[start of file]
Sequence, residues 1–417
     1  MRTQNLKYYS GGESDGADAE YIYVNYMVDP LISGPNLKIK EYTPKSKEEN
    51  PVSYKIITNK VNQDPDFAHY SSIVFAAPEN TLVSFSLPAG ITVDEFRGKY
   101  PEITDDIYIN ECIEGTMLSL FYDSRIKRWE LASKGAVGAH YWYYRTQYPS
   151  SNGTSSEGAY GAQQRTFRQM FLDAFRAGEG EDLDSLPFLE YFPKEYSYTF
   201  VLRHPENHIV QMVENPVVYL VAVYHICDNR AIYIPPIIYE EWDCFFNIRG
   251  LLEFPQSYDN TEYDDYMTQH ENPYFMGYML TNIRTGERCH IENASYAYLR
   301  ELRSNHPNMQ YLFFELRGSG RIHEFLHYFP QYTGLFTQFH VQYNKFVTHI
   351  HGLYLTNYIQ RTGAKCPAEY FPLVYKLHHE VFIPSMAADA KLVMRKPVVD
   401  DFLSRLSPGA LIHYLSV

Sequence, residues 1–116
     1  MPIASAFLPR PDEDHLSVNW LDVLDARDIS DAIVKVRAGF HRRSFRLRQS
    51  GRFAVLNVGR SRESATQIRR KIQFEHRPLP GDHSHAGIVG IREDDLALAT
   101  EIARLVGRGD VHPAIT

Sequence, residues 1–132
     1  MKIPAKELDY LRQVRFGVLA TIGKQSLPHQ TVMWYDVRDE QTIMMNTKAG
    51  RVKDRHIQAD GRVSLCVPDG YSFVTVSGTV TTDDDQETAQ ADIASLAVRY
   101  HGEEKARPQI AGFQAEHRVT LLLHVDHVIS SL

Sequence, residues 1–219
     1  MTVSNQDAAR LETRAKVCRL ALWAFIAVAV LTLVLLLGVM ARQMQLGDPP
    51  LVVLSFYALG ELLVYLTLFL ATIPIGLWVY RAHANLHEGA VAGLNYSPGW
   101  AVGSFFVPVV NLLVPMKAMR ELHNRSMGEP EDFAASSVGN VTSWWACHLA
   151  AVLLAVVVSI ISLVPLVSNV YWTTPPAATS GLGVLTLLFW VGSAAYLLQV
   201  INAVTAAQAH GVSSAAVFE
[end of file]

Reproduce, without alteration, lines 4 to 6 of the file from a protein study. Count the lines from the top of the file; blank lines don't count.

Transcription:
   101  PEITDDIYIN ECIEGTMLSL FYDSRIKRWE LASKGAVGAH YWYYRTQYPS
   151  SNGTSSEGAY GAQQRTFRQM FLDAFRAGEG EDLDSLPFLE YFPKEYSYTF
   201  VLRHPENHIV QMVENPVVYL VAVYHICDNR AIYIPPIIYE EWDCFFNIRG